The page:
!"#$%&%' */01)&/* *2)"3',0/ 7-89(6-.&+,))1&32+ 5::5;+,-526&+(32+:& 56&<,.=56;-26>&!?$?>& +,5.(&:26(1&32+ ',6'(+&+(.(,+'= ,-&@A(),1&B2+&C53(D

!"#$%&"'()*%+,-(./0(123%4 !"#$"%&'()(*+,-(. Education is now more than just I N S I D E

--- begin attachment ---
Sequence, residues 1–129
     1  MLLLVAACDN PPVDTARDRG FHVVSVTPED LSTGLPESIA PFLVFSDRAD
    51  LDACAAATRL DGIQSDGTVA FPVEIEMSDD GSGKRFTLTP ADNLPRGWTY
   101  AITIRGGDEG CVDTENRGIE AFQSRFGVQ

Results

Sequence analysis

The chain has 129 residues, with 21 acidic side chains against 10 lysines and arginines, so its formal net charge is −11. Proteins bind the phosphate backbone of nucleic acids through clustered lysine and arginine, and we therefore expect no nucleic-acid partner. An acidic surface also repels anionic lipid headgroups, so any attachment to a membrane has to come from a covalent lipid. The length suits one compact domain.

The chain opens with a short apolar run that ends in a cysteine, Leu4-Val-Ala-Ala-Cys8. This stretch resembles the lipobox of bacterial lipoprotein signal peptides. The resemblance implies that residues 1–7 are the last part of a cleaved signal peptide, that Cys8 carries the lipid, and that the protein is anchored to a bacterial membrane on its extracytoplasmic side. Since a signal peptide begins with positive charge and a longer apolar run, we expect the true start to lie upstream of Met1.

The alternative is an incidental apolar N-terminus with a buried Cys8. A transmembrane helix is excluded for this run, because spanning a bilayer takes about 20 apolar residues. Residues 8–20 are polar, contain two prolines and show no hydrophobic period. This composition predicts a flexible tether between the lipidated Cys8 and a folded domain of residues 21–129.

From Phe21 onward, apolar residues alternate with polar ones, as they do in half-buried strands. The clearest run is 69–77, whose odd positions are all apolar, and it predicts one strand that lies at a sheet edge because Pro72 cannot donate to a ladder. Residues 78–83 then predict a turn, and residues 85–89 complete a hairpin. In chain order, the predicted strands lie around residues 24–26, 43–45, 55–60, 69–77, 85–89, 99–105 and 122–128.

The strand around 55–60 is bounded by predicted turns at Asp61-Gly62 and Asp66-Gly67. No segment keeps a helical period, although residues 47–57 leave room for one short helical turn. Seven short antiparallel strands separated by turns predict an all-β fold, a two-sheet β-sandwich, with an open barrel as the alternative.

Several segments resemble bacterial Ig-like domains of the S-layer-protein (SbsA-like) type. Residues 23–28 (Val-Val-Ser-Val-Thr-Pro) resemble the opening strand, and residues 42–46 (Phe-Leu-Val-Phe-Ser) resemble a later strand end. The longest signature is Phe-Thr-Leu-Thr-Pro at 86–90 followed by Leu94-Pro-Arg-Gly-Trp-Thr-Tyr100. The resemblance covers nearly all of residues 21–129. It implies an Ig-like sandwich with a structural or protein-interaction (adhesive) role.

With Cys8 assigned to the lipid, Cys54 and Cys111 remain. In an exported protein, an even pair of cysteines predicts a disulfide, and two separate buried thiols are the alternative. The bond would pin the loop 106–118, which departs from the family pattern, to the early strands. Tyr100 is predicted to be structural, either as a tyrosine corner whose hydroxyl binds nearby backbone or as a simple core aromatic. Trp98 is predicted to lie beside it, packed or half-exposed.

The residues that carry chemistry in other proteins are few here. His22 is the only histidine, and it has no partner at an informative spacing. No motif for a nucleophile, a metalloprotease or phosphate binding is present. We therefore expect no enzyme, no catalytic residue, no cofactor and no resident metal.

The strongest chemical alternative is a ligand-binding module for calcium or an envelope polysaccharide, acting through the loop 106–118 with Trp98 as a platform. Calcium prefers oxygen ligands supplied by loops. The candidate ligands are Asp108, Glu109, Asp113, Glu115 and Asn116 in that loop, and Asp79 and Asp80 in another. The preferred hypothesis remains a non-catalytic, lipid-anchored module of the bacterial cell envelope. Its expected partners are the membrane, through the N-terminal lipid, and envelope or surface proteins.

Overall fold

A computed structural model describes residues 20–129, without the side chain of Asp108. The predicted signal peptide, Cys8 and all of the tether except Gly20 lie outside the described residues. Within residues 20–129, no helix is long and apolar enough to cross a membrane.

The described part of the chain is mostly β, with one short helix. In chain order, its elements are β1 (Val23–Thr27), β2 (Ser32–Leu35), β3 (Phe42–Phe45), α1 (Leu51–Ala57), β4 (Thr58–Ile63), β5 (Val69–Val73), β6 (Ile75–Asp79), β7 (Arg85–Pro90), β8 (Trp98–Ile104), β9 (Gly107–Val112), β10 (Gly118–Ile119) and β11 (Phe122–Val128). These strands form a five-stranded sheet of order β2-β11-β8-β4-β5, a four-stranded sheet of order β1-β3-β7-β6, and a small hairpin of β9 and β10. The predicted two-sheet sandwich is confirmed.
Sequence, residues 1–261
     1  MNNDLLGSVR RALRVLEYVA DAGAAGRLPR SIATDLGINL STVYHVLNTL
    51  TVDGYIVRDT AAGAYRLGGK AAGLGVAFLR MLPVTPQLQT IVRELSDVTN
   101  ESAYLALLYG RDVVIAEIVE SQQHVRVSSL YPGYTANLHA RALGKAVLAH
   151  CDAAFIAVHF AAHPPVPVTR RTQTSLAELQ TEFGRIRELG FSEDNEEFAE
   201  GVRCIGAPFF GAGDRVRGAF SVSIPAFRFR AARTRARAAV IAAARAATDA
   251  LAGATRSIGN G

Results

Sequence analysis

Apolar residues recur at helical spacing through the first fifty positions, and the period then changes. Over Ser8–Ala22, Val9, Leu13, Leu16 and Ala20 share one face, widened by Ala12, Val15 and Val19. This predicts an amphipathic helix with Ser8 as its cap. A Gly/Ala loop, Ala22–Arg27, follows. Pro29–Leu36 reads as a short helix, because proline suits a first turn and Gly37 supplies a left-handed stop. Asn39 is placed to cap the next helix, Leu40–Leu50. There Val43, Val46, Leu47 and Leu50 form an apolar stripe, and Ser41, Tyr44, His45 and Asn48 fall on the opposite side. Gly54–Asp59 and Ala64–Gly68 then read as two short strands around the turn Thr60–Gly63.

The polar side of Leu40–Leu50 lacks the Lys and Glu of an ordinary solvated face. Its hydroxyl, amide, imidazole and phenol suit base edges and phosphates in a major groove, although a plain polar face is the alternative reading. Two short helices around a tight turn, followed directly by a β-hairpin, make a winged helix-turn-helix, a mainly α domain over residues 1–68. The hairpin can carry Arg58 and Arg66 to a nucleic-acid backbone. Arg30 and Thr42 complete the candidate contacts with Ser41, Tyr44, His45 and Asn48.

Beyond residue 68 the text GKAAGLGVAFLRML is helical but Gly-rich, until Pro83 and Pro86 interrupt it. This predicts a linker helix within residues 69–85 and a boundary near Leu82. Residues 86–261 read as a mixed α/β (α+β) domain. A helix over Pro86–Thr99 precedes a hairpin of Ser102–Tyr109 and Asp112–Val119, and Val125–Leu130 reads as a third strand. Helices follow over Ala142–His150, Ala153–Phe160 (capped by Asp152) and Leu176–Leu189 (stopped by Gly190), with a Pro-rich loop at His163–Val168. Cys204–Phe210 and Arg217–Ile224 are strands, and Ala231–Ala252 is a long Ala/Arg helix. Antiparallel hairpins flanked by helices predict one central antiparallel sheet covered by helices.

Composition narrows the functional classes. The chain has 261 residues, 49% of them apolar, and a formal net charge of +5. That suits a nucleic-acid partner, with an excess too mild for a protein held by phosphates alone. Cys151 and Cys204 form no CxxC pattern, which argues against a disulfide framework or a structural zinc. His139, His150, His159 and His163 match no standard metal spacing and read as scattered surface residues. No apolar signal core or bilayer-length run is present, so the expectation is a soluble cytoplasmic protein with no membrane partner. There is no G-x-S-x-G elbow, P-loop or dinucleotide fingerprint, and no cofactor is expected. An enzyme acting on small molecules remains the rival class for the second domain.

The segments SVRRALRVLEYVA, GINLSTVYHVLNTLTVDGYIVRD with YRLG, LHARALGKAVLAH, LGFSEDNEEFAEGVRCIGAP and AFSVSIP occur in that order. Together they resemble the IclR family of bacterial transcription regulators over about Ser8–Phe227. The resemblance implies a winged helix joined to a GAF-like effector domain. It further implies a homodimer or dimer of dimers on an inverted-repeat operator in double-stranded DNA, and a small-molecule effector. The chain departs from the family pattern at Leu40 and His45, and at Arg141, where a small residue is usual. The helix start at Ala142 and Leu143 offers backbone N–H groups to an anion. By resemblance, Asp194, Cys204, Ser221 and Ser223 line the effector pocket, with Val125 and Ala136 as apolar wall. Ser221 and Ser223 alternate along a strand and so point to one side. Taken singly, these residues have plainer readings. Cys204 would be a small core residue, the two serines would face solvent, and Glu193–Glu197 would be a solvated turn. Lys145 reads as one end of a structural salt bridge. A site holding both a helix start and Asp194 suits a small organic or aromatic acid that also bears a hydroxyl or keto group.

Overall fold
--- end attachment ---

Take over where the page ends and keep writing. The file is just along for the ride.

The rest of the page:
+$(* R-+"* -%2,3.-%1* C)4(-%-* C/""(,").-%1F* C5T* E$)(.F*!",')*T/-*e-F*[""7*DZ3).F*9")#*5OO),)2/-)* NW66@CABRINI.EDU )%.*J),,">*<$(1"*9($U)%&8 :\'Y&* %-2"* +$(* C5T* E$)(.* '$* &/$6* &3OO$('* +$(* 9/"* !-X$%* C"%'"(* /$3&".* ?B?* O)('-2-O)%'&* %)'-$%),*2)3&"&*,-7"*'/-&F=*G#-,>*<-$("F*&$O/$#$("* $+* '/"* Q",)>* <$(* R-+"* 2)%2"(* 6),7* '$* 4"%"W*'*9/"* knowledge, skills&"2$%.)(>*".32)'-$%*)%.*G%1,-&/*#)U$(F*&)-.8*<-$("* and abilities. experiences students have outBy Danielle Alio American Cancer Society. Young and old, students  /)&*have ),&$* signifi6),7".* '$*side 4"%"W 5\!D* )6)("%"&&* )%.* “At Cabrini we the*'*classroom—for example )%.*2$##3%-'>*#"#4"(&F*'/"*2$##$%*'/(").*6)&* 4(")&'*2)%2"(F*$+*6/-2/*/"(*)3%'*-&*-%*("#-&&-$%8 Deputy Editor cant ‘value added’ elements that our partnerships in Norristown the force cancer had on their lives and the impact  9)()*GI-&$%F*&"%-$(*O&>2/$,$1>*#)U$(F*'$,.*/"(* help distinguish us from all other and in Swaziland—and they then '/"&"*6),7"(&*6)%'".*'$*/)I"*$%*2)%2"(8 #$'/"(F* -&* 23(("%',>* 4(")&'* and 2)%2"(F* Colleges, including Cabrini, institutions—chief among6/$* them, take intoW*1/'-%1* their careers their :C)%2"(* )++"2'&* "I"(>$%"8* T"$O,"* 6)%'* '$* )4$3'*'/"*"I"%'8*:\*6)%'*/"(*'$*&""*'/"("*)("*O"$O,"* create slogans to highlight the our very unique Justice Matters lives after graduation,” Skleder &""* O($1("&&* #)."* that '$6)(.&* )%.* /)I"* -'* 6/$*2)("F=*GI-&$%*&)-.8 unique education they("&")(2/* beeliminated  from  our  community,”  Katie  Keller,  :D$#"'-#"&*>$3*+"",*,-7"*>$3Y("*)%*$3'2)&'F*&$* lieve they offer. “Do Something sophomore  accounting  major  and  co­chair  of  -'Y&* -#O$(')%'* '$* 2$#"* '$* "I"%'&* ,-7"* '/-&* 4"2)3&"* Extraordinary” and “Justice MatC)4(-%-Y&*Q",)>*<$(*R-+"F*&)-.8 >$3*.$%Y'*+"",*,-7"*&32/*)%*$3'&-."(F=*C-%.>*GI-&$%F* ters” are just two of Cabrini’s 9/"*6),7F*6/-2/*4"1)%*)'*c*O8#8*$%*D)'3(.)>F* 9)()Y&* #$'/"(F* &)-.8* GI-&$%* &'$OO".* &#$7-%1* '6$* claims. ;)(2/*?@*)%.*6"%'*3%'-,*a*)8#8*$%*D3%.)>F*;)(2/* years ago. “You almost have to change your life in  In the higher education field, ?`F* 6)&* )* /31"* &322"&&8* 9/"* 1$),* $+* +3%.&* '$* 4"* $(."(*'$*Z3-'8*GI-&$%*-&*O($3.*'/)'*/"(*.)31/'"(*/)&* these aspects beyond the delivery ()-&".* 6)&* d?@F@@@* )%.F* )'* A* O8#8F* '/"* "I"%'* /).* Z3-'*&#$7-%1*'$*&/$6*/"(*&3OO$('8 of courses are known as the “val),(").>*#"'*'/"*d`AF@@@*#)(78*5'*'/"*2$%2,3&-$%*$+* ue-added” portion of the college Curriculum, which C$##3%-'-"&* is rooted in )%.* said.2$,,"1"&* /$&'* Q",)>* <$(* '/"*"I"%'F*'/"*'$'),*#$%">*()-&".*'$'),".*d?`Fb@@F* R-+"* 6),7&* ),,* $I"(* '/"* 2$3%'(>*to'$*Skleder, 4"%"W*'* 9/"* experience. Catholic Social Teaching and our According instisurpassing the goal. 5#"(-2)%* C)%2"(* D$2-"'>8* Q"O("&"%')'-I"&* These claims refer to how Cabrinian heritage,” Dr. Anne tutions may be evaluated +($#* or as\%* )..-'-$%* '$* '/"*has '6$*gained, 2$M2/)-(&*Skleder, $+* '/"* "I"%'F* much a student provostthe Society are present during the event to oversee  and vice presi- sessed on the basis of the cumu!)%-",,"* !-E)('$,$* )%.* L)'-"* L",,"(F* Q",)>* /).* the happenings and further the Society’s mission. achieved or been enhanced by dent of academic affairs, said. lative value that they add to their `c*2$##-''""*#"#4"(&*'$*/",O*O,)%*'/"*+3%2'-$%8* educational experiences. The ar“It informs what is taught in students and some argue that the 9/"("*6"("*),&$*?b*'")#&*'/)'*O)('-2-O)'".*-%*Q",)>* !"#$%&'()*+', eas that may be enhanced include the classroom and transformative status of an institution should be NOELLE WESTFALL